|PRL1542||The Public Relations Business Environment|
A general overview of the operation and management of a public relations business, either as a small business or as a public relations consultancy is provided. Students are exposed to opportunities for entrepreneurship in the public relations field, such as operating a home-based business or working on a contract or freelance basis. Key areas, such as business planning, budgeting and record keeping, time tracking, marketing (through traditional and social media channels), proposal writing and project management are covered. Through course materials, assignments and guest speakers, students learn about their role as public relations consultants in their organization and they learn how to understand the corporate requirements of public relations practitioners.
|PRL1547||Public Relations Advertising|
Students examine the various types of corporate and not-for-profit advertising, including image, philanthropic, community service and advocacy advertising and their uses for public relations purposes. Students also examine the many forms - print, online and broadcast - of this advertising, and assess the strengths and limitations of various advertising media. Students also learn to use media and advertising terminology correctly while examining the elements of advertising campaigns, including creative and media strategies that meet specific objectives. Students then apply the theory, focusing on the design and production of various advertising and promotional materials, such as newspaper and magazine ads, outdoor and transit posters and direct mail materials. Upon successful completion of this course, students are able to communicate with graphic designers, as well as produce clean "roughs" of their own advertising solutions. The theory and lab portions combine to give students an understanding of how to create branding strategies using advertising to support public relations principles.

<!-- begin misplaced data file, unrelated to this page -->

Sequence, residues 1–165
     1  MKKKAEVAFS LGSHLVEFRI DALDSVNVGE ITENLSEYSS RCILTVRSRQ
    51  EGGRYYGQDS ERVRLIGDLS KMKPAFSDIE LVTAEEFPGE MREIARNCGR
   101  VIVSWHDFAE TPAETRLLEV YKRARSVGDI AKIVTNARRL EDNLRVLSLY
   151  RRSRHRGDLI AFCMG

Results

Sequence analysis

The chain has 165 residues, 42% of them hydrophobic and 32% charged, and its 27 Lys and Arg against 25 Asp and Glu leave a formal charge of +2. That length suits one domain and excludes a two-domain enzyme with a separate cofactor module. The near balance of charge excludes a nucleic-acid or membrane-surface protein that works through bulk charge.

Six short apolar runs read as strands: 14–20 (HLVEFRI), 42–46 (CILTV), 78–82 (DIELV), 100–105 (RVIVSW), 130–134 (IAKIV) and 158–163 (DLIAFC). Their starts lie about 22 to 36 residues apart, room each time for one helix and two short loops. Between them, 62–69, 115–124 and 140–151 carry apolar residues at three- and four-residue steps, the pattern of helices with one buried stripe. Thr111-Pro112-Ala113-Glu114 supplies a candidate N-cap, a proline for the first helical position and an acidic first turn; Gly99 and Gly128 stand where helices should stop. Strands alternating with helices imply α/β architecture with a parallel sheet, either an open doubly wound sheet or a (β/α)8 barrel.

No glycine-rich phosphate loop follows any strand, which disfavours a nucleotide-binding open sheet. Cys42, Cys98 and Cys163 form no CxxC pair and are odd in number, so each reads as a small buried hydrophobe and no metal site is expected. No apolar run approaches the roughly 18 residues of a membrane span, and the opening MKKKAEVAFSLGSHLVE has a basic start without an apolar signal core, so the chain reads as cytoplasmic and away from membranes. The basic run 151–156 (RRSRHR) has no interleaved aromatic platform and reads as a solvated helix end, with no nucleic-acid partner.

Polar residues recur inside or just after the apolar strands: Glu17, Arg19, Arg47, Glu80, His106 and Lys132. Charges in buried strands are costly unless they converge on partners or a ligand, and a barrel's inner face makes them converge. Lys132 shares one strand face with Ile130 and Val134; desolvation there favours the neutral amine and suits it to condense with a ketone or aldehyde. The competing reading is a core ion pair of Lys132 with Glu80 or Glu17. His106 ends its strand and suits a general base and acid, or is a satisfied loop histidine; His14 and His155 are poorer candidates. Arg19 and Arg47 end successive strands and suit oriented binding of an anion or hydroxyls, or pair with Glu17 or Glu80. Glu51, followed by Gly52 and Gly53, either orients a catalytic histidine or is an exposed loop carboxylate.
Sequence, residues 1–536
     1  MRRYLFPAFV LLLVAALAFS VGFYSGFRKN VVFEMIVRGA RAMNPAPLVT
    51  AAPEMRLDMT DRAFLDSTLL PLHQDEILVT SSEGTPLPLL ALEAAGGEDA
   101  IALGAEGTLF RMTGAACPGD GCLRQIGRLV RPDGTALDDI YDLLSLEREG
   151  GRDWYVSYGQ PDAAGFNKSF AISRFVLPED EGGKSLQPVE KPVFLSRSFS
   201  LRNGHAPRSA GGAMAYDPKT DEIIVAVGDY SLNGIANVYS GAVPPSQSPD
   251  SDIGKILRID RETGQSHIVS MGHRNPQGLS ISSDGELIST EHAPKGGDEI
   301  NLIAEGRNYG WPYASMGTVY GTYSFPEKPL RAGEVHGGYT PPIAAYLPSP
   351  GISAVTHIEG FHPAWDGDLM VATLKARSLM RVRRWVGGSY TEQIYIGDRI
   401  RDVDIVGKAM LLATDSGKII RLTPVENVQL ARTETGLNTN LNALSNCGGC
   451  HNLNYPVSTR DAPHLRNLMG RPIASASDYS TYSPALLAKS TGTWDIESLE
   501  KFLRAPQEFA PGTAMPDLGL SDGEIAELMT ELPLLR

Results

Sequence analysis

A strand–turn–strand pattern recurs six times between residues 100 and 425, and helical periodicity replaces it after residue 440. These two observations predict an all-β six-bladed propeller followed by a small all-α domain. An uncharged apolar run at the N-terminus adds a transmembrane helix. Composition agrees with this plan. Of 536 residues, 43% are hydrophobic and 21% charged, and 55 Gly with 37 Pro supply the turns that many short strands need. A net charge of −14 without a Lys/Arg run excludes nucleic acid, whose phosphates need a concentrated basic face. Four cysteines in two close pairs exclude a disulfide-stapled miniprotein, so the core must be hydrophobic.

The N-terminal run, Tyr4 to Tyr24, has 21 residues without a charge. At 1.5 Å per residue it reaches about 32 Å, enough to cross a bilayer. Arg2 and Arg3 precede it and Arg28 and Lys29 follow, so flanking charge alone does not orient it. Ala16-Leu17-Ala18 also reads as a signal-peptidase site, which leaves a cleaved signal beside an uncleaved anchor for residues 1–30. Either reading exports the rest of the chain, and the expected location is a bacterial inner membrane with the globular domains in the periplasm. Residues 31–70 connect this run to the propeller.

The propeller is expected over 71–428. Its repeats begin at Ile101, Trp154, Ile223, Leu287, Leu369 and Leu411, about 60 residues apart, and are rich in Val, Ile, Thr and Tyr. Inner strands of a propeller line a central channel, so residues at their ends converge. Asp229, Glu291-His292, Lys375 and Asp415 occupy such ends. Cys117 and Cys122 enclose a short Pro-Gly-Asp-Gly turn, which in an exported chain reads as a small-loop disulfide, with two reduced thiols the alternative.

|PRL1551||Public Relations III|
Through lectures, guest speakers, assignments, group project work, and online work, students acquire the skills, knowledge and professional qualities required to become a public relations practitioner in any field in Canada, from the corporate boardroom to a charitable organization. Students explore relationship management, crisis communications, marketing communications, investor relations and internal communications. A self-directed learning component gives students experience in producing PR materials for the workplace. Students use computers and the Internet to produce materials.
|PRL1554||Production Workshop III|
Students are introduced to the concepts and techniques used in developing websites. Students gain experience designing websites using web authoring programs and learning to manage content in a web publishing environment.
Prerequisites: PRL1548 and PRL1561
Co-requisites: PRL1547 and PRL1551
A general overview of the work of a public relations practitioner in a government role is provided. Students are exposed to the various skills-based competencies government will evaluate, and they understand the operation of the Government of Canada and other public sector clients. Key areas, such as planning, budgeting, project management and understanding the public and political environment are emphasized. Through course materials, assignments, guest speakers, and tests, students learn about their role as public relations consultants in their department, and they learn how to understand the corporate requirements of government and public sector agencies.